The camp itself had plenty of sports but did not emphasize it to the detriment of everything else. It also had a strict non-bullying policy that was actually enforced. We swam daily (but no water skiing that I recall), and had lots of time for diverse activities such as a camp radio station. At the end of the season both years we put on a musical with both boy and girl campers. The first year it was “Damn Yankees” and the second “West Side Story” (using the upper of a bunk bed as a balcony.) I remember one cabin mate named John Hertz who introduced me to magic (particularly card tricks) and the marvels of the Lou Tannen catalog. Then there was the time that someone in our cabin suggested playing a game (after lights out) wherein each of us would show that we were masters of our own domain, and the one who proved it first would yell out and be the winner (of course it was a prank designed to embarrass the gullible – thankfully not me-honestly I'm not even sure I knew what it was all about at the time .) This led to a group session with the head of the camp in which we sat outside under a tree and he explained that all of this was perfectly natural and a part of growing up and that no one should be embarrassed. I can’t imagine this sort of discussion happening at either of the other camps that I attended.

I especially remember a “bee-line” hike from the camp to the nearby town of Elk Rapids. This was a cross country hike of about 6 miles. Along the way we stopped at a roadside farm stand and each had a fresh tomato and cucumber that were the best I ever had (back in the days when I could eat cucumbers.) When we reached Elk Rapids we were treated to ice cream at the local Rexall Pharmacy and then bused back to the camp.

I remember a walk through the woods to nearby Torch Lake for fireworks on the 4th of July. And another sailing trip on Torch Lake from near the camp to its southern most point and on into the Rapid River, with an overnight somewhere before heading back to camp.

Best of all I remember the yearly trip to Mackinac Island. We’d bus up from the camp stopping in nearby Charlevoix where we sampled the best fudge I’ve ever had at Murdick’s. This fudge was so good that when my Dad discovered it on a visit to the camp he arranged for a pound or two to be shipped to Chicago frequently throughout the Summer. Then it was on to Mackinaw City and the ferry boat to the island. If you’ve never been, Mackinac Island does not allow motor vehicles and is a bit of a tourist trap but also a very scenic location. The Grand Hotel is where the movie Somewhere in Time was filmed and is a very elegant and old hotel that we were able to tour. But my favorite memory of Mackinac Island was when our counselor took us all over to the headquarters of Moral Rearmament (MRA). This modern building was built by a conservative religious organization with lofty goals but also apparently with views similar to the John Birch Society. At one point of during the tour we found ourselves in a space with a high ceiling, and the more observant of us noticed a microphone above us. This included the counselor who proceeded to bait the guide…much to the amusement of the rest of us.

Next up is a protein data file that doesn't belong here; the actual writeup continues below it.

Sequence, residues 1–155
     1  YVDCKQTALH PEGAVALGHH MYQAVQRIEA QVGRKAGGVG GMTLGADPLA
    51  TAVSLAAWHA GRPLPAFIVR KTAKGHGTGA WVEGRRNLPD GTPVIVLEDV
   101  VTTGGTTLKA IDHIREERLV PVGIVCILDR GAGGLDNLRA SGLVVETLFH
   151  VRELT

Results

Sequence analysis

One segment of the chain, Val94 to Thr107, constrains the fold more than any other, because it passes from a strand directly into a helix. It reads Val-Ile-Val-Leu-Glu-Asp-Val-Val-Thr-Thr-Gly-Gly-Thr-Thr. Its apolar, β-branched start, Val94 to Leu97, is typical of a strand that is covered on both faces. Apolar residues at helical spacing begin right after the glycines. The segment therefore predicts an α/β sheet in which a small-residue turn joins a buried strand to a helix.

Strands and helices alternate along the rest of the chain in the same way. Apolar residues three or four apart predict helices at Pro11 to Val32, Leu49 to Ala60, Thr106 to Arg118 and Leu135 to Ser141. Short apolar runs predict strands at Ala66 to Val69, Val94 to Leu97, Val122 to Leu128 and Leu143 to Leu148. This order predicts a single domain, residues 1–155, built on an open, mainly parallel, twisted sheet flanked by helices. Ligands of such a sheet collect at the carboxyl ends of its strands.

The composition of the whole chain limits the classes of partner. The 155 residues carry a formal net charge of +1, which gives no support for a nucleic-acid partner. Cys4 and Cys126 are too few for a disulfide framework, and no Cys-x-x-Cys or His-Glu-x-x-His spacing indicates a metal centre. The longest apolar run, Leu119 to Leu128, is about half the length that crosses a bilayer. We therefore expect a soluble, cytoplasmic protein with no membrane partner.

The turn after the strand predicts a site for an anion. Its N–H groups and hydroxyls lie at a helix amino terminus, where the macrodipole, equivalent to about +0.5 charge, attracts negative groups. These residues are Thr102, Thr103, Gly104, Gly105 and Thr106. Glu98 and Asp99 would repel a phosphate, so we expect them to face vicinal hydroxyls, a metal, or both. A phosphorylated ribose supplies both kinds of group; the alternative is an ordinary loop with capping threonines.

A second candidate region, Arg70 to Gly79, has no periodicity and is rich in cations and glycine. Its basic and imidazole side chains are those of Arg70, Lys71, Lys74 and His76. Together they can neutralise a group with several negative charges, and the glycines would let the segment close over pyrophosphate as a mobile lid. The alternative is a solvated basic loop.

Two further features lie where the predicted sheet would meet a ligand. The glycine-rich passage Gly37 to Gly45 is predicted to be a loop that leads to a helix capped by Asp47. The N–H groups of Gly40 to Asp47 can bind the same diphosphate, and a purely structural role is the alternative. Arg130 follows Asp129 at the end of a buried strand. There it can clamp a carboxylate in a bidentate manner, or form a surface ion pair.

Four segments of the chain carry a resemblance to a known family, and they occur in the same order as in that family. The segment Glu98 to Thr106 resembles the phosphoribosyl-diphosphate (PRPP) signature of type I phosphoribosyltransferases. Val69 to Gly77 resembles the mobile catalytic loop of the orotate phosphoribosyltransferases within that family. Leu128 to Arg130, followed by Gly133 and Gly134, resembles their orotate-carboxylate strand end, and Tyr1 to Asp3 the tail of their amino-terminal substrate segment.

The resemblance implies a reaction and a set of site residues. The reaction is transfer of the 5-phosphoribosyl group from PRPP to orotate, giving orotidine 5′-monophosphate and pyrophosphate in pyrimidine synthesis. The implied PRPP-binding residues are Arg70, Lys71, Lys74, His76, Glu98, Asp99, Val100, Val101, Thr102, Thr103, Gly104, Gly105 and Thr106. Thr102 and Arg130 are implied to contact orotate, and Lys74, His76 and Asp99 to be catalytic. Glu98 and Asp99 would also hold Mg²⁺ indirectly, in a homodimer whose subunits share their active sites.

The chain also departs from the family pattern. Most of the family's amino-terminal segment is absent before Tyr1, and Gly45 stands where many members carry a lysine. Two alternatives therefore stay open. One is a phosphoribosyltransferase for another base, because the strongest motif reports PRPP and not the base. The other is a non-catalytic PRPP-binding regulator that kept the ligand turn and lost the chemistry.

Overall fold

The Grand Hotel, Mackinac Island
The food was quite decent at Maplehurst and it was benefited by the fact that it adjoined a cherry orchard (it was in the heart of Michigan cherry country). The owner of the orchard, perhaps bending to inevitability, allowed campers to harvest the row of trees nearest to the camp. The kitchen was happy to make a fresh cherry pie from the harvest cherries. Wonderful.

There was also some farm acreage owned by the camp. One evening in my second year at Maplehurst the hay had been harvested and baled but was still sitting in the field with a major rain storm approaching. The head of the camp asked the senior campers if they would be willing to help get the bales out of the field. So we found ourselves on a flat bed truck heaving bales around. Of course our clothes were full of hay when we got back to the cabin and we all itched all over. In exchange for our help the head of the camp treated us to a special excursion that ended up at a local ice cream place called the Cherry Bucket. We were obviously used, but no one complained.

The summer of 1963 was my last away at Summer Camp. Starting the Summer after my sophomore year in high school I had other activities to occupy me. Summer Camp was a decidedly mixed bag for me, but I got to ride trains and airplanes that I otherwise would not have ridden and have some interesting memories. I hope they have been interesting to you.